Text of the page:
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Beware of overzealous environmental regulators

In my latest Health News Digest article, I attack the fear-mongering regulators, who have used cancer as their favorite boogeyman for decades. For far too long, people are our side of the debate have attempted to use science to promote our argument.

However, there are several problems with this...

1.    It has almost never worked. Indeed, it hasn't worked since Silent Spring was published in 1962.

2.    "Science" is in the eye of the beholder, with far too many scientists—especially in academia—being chemophobes themselves.

3.    Given the state of public awareness of scientific principles, an appeal to emotions will always win out. Or, as we say in marketing, if the choice is between cerebral or limbic, choose limbic every time! Despite more than 6,000 papers on BPA for example, and its being given a clean bill of health again and again, the fear entrepreneurs continue to use it successfully for fund raising.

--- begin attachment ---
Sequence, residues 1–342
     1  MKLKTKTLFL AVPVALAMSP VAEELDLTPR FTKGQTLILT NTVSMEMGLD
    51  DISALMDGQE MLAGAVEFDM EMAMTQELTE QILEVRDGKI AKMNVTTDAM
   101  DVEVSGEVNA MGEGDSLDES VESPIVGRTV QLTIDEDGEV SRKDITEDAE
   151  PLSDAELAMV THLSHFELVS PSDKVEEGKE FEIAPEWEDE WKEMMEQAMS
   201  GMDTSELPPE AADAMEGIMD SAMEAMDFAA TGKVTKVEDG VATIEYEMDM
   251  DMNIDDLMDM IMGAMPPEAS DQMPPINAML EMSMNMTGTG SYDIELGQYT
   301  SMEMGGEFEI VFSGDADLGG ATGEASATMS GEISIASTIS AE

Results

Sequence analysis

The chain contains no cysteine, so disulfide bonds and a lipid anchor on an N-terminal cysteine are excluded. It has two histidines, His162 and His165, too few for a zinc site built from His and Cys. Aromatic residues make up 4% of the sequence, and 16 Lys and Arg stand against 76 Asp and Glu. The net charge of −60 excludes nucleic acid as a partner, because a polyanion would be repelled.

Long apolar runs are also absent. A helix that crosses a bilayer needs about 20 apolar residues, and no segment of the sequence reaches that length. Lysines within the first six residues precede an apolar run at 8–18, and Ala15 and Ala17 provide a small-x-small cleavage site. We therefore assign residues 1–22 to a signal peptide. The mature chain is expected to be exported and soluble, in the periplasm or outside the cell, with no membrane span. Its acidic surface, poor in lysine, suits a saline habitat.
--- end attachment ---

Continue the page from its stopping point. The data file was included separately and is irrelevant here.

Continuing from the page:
Instead of lame calls to "Science," we should invoke the very same Precautionary Principle always touted by the other side. That is, if a particular widely used chemical is to be effectively banned by the regulators, only to be replaced by some compound with not nearly the same amount of history, the burden of proof that there will be no harm caused by such action is theirs.

Read the complete article.

Comments

Ernest Curtis

Wonderful article. Of course almost any chemical can be shown to be carcinogenic in some species of animal if large enough doses are given. These "studies" generally employ levels of exposure that no human could possibly get in several lifetimes. The environmentalists then use them to promote their real agenda--making life more miserable for the rest of us. Love the way you turned the Precautionary Principle back on the environmental zealots.

Michael Shaw

Ernest--

Thanks for the encouragement. The HND piece was inspired by actions by German regulators on ethylene oxide.

Since the Precautionary Principle is LAW in the EU, it is our best shot. Now, all I have to do is convince the rest of the trade association.

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